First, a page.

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  1. #1
    Veteran Member
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    Salon De Provence - France

    Default Mis en Bouche

    Mis en Bouch is like a littly tiny appetiser. We are making the party round with a group of our friends, all olvie farmers, and it was our turn to host.

    I bought these cute little "spoons" as they say in French. You use these spoons for preparing Mis en Bouches. Now normally at a restaurant you will get one spoon, it is called an amusement for the mouth. Not really a full appatizer just a small amusement.

    I knew at the store when I saw them that they would be perfect for my husband, for his "style." He wasn't to happy when I brought them home because we really don't have money laying around but I knew in my heart once he had them int he house he would'nt ask me to return them and I was right! ha-ha, do I know the man or what? Pictures are of our friends and the mis en bouches and dinner.

    He prepared these mis en bouches
    1. Fresh muscles pulled out of their shells and prepared with breadcrumbs and garlic butter
    2. Fresh oyseters on a bed of cooked spinach with finley chopped onions and a white cheese sauce
    3. cooked salmon with the white cheese sauce and fresh basil
    4. Sushi
    5. fois gras with a cherry sauce (from our cherries) on toast
    6. shrimp in a little cup with homemade coctail sauce
    I think that is it for the Mis en Bouches
    Dinner was very simple, in the wine glasses on the plates, gazpacho soup with a dollop of unsweetened whipped cream, pecan coated chicken breasts, a pastry cup with finely really finly cut slivers of carrots and zuchini and our personal serving of cream sauce in the little cups. Desert was homemade bread pussing topped with our own cherry sauce a dollop of vanilla icecream ont he side and a home made chocolte truffle, I didn't take a picture fo that. By our standards this was not a gourmet meal but simply a nice little simple dinner party.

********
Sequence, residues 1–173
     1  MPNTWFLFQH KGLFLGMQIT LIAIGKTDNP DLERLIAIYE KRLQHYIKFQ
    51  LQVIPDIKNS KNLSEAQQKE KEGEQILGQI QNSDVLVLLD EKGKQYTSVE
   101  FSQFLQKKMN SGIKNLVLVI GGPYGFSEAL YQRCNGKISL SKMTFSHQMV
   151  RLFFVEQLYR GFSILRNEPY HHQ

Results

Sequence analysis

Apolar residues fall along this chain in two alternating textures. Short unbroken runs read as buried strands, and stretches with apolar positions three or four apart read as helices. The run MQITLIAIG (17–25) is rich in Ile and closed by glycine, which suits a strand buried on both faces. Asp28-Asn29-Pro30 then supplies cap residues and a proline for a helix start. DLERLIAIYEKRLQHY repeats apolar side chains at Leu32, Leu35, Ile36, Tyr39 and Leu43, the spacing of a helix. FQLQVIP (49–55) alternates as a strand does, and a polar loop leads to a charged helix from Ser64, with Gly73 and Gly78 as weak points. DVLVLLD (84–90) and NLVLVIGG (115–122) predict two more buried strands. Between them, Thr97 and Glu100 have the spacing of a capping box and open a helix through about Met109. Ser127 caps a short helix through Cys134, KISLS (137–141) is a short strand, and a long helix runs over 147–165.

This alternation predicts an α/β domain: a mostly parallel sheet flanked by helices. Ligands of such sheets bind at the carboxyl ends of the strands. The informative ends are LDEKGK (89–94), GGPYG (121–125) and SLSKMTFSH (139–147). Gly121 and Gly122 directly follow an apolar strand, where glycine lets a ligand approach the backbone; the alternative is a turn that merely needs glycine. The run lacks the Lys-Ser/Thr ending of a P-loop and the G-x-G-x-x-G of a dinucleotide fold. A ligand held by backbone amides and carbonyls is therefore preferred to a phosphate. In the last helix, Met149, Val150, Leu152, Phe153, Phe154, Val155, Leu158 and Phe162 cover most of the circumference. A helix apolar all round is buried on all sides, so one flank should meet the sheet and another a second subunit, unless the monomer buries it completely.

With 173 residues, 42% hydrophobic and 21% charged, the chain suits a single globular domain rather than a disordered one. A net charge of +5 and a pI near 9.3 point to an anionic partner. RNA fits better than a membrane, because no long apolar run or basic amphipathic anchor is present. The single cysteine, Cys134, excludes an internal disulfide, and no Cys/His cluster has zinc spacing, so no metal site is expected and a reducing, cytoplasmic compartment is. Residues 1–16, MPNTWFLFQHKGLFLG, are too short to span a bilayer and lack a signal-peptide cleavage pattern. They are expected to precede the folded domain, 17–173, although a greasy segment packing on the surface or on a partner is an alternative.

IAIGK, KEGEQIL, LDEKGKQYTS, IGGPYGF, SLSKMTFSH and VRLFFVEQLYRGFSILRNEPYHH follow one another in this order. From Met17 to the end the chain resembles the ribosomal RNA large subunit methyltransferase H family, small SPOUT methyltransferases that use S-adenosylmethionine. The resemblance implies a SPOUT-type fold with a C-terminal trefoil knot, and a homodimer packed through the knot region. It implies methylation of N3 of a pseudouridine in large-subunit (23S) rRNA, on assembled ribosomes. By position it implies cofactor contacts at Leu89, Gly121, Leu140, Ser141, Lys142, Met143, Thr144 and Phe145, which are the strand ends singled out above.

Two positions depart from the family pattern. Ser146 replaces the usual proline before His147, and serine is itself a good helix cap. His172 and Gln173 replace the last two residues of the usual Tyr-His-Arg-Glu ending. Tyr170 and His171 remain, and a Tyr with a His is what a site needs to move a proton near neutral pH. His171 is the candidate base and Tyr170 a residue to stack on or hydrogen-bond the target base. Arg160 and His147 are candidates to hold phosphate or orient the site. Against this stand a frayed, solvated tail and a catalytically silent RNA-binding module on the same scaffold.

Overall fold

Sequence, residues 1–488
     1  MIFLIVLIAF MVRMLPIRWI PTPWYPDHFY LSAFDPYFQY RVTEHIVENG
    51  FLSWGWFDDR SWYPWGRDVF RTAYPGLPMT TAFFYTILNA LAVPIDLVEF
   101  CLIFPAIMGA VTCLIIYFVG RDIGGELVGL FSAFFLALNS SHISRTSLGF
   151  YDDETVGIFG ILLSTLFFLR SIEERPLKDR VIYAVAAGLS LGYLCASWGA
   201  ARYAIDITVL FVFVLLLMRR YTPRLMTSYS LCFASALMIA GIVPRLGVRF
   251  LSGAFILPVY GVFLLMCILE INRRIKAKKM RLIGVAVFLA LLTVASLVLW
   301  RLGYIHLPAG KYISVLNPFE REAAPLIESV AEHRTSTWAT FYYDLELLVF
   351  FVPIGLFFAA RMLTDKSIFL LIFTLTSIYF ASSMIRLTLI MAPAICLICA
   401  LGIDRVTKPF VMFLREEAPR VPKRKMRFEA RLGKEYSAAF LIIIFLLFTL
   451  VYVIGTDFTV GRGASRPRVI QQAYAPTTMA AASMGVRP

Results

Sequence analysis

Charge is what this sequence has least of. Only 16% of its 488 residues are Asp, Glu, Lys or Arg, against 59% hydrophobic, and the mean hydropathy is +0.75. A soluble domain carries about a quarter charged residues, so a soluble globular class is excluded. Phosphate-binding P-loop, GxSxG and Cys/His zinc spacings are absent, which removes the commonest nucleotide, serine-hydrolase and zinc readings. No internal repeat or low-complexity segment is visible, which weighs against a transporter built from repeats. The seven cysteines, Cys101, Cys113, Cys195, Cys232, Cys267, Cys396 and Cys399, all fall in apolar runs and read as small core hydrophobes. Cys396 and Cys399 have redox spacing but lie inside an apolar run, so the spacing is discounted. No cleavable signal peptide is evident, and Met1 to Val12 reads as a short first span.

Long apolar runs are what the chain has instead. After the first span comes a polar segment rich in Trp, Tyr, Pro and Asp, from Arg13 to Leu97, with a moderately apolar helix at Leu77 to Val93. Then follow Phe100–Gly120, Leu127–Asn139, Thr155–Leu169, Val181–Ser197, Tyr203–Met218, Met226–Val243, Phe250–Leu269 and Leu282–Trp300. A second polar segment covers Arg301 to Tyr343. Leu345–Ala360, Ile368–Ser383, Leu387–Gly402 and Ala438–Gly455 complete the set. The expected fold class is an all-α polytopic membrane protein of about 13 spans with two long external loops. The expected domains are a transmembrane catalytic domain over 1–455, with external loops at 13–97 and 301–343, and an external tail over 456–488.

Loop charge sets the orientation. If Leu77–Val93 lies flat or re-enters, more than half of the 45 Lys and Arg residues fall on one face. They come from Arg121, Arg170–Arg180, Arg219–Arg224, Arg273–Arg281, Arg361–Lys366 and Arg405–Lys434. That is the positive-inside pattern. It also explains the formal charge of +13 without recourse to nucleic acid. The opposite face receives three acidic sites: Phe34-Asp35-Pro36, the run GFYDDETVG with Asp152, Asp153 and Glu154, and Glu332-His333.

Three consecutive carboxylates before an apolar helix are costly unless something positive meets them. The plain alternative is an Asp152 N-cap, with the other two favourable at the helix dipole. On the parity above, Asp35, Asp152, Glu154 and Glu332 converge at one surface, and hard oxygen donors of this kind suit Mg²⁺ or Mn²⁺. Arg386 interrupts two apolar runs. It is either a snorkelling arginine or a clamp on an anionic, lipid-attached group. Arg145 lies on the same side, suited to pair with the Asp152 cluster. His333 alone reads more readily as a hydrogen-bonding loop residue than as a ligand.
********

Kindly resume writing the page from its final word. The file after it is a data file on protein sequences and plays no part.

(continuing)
On the dinner table picture Andre is holding up a bottle of "Provence Rosé" wine produced in Texas. A frined of ours visited and borugh us that to try. The whole table was most eager to try it, they were all excited and even Yvonne. Yvonne never drinks not ever on doctors orders becaue of medication she is on. She said, "Pour me some I want to try it" I couldn't beleive it when Yvonne wanted some. Sadly the Texas made "Provence Rosé" wine was not a hit. Everyone was very very polite, very polite, however nobody asked for any more. And the wine showing in the bottle in the picture was still there at the end of the meal. They all said ti was to sweet and the best thing we could do was to chill it really really cold and serve it for an aperitife. Seceretly I think they were happy it was not near as good as the worst real Provence Rosé produced here. They were very excited and open to try it I don't think they approached it with any bias at all, quite the contrary. So it seems like Texas has a ways to go in producing Provence Rosé wine.

    One item of note is the picture of Lucien. He is one of our best freinds. Look at the guy he is over 70 years old. Their farm is a bit in the countryside and they live in town. Each morning they get up at 5am and she works with him every day at the farm. She stand on her feet all day picking out the bad fruit from the good fruit. His main crop is apricots, he grows several American varitals of Apricots, cherries, apples, Olvies and some grapes.